I was at the cricket on Tuesday. It was England versus the West Indies over in Manchester and, at one point, I looked up at the scoreboard, and one of the great business quotes came to mind.
The billionaire investor Warren Buffet said: “If you can’t read the scoreboard, you don’t know the score. And if you don’t know the score, you can’t tell the winners from the losers.”
And that’s so true. The cricket scoreboard is complicated and, if you don’t understand it, you have no idea what’s going on in the game. And that is so true in business.
There are numbers you need to be tracking – a scoreboard you need to follow to know whether your business is doing well or whether it’s doing badly.
If you think of another example, you wouldn’t expect a pilot to look at the cockpit of a plane with all of the instruments and flashing lights, and not know what they all mean. How would they keep safe and get to the destination?
So, in your business, what is the scoreboard? What should you be tracking?
There are a lot of numbers you can track, and I did a separate blog/video on some of the marketing numbers. Today, though, I’m just going to focus on the three most important financial statements.
You don’t have to be an accountant to understand them – every business owner should have a grasp of what they mean. The three main ones are:
- Profit and Loss Account
- Balance Sheet
- Cashflow Statement
So, let’s take a quick look at what they mean.
Profit and Loss Account
At the face of it, it’s quite simple – the P&L Account shows your sales for the period less the expenses for the period. This gives you your profit.
You should be looking at this at least monthly. So, if you look at it for the month of September, your sales in September less anything you’ve spent in September will give you a profit.
And for your company to last in the long term, it needs to be making a profit on a consistent basis. You might have a bad month and make a loss every now and again…..but you can’t do it over and over.
The next of the financial statements is the Balance Sheet. This is very much a snapshot of your business at any given time.
If we pick a date, let’s say the 30th of September, it would add up all of the assets within your business and take away all the liabilities.
The assets include the things and the stuff that you own. That can include:
- fixed assets – plant and machinery, furniture, vans or cars that the company owns
- stock – if you buy and sell things it would be the items you bought but haven’t yet sold
- debtors, ie people who owe you money
- any cash in the bank.
The liabilities are the things you owe, for example:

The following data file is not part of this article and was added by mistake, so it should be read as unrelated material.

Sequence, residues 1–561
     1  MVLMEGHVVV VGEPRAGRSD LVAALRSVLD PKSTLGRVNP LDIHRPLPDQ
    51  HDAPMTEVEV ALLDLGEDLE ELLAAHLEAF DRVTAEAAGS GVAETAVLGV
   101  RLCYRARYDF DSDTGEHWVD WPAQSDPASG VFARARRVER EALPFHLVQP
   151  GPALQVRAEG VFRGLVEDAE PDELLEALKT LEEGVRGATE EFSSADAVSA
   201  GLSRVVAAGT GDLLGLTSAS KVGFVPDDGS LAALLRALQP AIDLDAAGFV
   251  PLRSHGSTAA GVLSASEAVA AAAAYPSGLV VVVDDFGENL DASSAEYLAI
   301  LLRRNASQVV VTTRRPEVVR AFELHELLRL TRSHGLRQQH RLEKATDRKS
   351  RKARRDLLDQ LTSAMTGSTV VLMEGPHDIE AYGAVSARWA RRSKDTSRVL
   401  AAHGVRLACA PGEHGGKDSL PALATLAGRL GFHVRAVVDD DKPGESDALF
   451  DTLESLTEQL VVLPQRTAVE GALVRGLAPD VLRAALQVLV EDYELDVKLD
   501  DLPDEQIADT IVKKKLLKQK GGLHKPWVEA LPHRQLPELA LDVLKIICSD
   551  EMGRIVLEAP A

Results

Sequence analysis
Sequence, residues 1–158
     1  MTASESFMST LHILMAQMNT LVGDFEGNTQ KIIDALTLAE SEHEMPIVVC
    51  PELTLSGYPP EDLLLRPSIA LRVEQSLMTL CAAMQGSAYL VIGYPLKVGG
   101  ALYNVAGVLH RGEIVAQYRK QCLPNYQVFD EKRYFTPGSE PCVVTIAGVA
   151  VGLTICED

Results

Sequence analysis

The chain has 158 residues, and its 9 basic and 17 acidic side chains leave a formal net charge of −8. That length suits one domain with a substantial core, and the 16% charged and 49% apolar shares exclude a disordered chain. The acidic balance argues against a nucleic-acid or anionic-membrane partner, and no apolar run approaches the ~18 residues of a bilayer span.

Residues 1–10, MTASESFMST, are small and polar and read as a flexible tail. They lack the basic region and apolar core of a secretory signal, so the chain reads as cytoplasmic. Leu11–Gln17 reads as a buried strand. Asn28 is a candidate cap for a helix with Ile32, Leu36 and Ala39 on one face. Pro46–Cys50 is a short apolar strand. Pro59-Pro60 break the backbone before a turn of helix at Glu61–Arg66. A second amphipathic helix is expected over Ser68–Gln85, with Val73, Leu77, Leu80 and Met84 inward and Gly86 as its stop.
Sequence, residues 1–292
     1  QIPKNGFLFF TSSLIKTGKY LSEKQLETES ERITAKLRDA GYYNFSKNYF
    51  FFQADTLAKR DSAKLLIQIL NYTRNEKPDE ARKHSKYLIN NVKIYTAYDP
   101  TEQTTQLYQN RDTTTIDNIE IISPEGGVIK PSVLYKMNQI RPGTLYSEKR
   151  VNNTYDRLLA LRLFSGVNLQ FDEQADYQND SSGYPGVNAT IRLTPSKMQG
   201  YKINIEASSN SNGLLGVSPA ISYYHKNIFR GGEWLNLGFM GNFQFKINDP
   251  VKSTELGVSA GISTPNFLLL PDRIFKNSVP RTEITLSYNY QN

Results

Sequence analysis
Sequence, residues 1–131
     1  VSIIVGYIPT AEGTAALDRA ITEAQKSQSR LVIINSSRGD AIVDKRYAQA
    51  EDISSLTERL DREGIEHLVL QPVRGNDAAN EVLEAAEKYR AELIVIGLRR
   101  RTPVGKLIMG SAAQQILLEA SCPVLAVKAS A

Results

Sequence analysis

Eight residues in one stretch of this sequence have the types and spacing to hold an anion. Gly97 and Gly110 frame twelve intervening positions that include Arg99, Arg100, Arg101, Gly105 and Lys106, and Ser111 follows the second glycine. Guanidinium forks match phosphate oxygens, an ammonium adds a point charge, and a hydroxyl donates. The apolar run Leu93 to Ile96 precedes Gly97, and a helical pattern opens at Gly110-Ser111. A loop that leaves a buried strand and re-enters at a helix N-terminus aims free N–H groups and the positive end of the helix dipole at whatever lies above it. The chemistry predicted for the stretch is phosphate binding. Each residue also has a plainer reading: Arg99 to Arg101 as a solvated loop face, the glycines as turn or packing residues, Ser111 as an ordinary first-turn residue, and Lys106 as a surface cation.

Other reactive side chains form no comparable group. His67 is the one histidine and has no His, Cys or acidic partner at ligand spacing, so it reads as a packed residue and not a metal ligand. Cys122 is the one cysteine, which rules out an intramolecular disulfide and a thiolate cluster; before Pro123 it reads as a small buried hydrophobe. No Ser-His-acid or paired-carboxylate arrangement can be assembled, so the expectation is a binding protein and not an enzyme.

- trade creditors – suppliers who you’ve bought stuff from but haven’t paid yet
- loans you may have, or an overdraft
- tax bills – VAT, PAYE or corporation tax.
The Balance Sheet adds up all your assets and takes away all the liabilities. This comes to a figure that, to an extent, is what your business is worth on any given date in pure cash terms.
As you can imagine, your business should really at all times have a positive figure, ie the assets should be larger than the liabilities.
Again, you should track this every month. It can happen that you do have negative assets every now and then but, if that’s a long-term picture, there’s a real problem with your business.
The Cashflow does exactly what it says on the tin. It shows you your movements of cash.
So, again, if you’re looking at it for September, it would have your opening cash balance on 1 September.
It would then show the cash coming in from operations, ie the day to day running of the business – your sales and purchases. It would include any cash coming in or out from investments, eg in fixed assets, and any movements in financing, eg loans.
When you add those up and take some away, you’ll get your closing cash. If this figure is positive every month, you have a healthy business. Negative and you may be in trouble.
The Cashflow statement can actually be the most important of those three statements because the P&L and the Balance Sheet have a bit of accounting theory in them and can be manipulated. However, the Cashflow is fact. You cannot change or apply theory to opening cash balance and your closing cash balance.
For a business to have long-term viability, it must make a profit, but it also must be generating positive cash on a regular basis. A business can be profitable but make no cash and then go bust because there’s no cash to pay the creditors.
Those three statements are the scoreboard you should be tracking to see whether you’re winning.
They’re all relatively straightforward, but, if in doubt, please do ask your accountant. They can look at them in detail and explain them to you. They can also spot trends and will know what’s good or bad, or what warning signs you should be looking at.
At the very least, you should be doing this once a year but preferably more often through management accounts or regular meetings, so you’re on track of that score all year long. Every month you know where you stand and you know whether your business is winning or losing.
And, by the way, England won the game easily.
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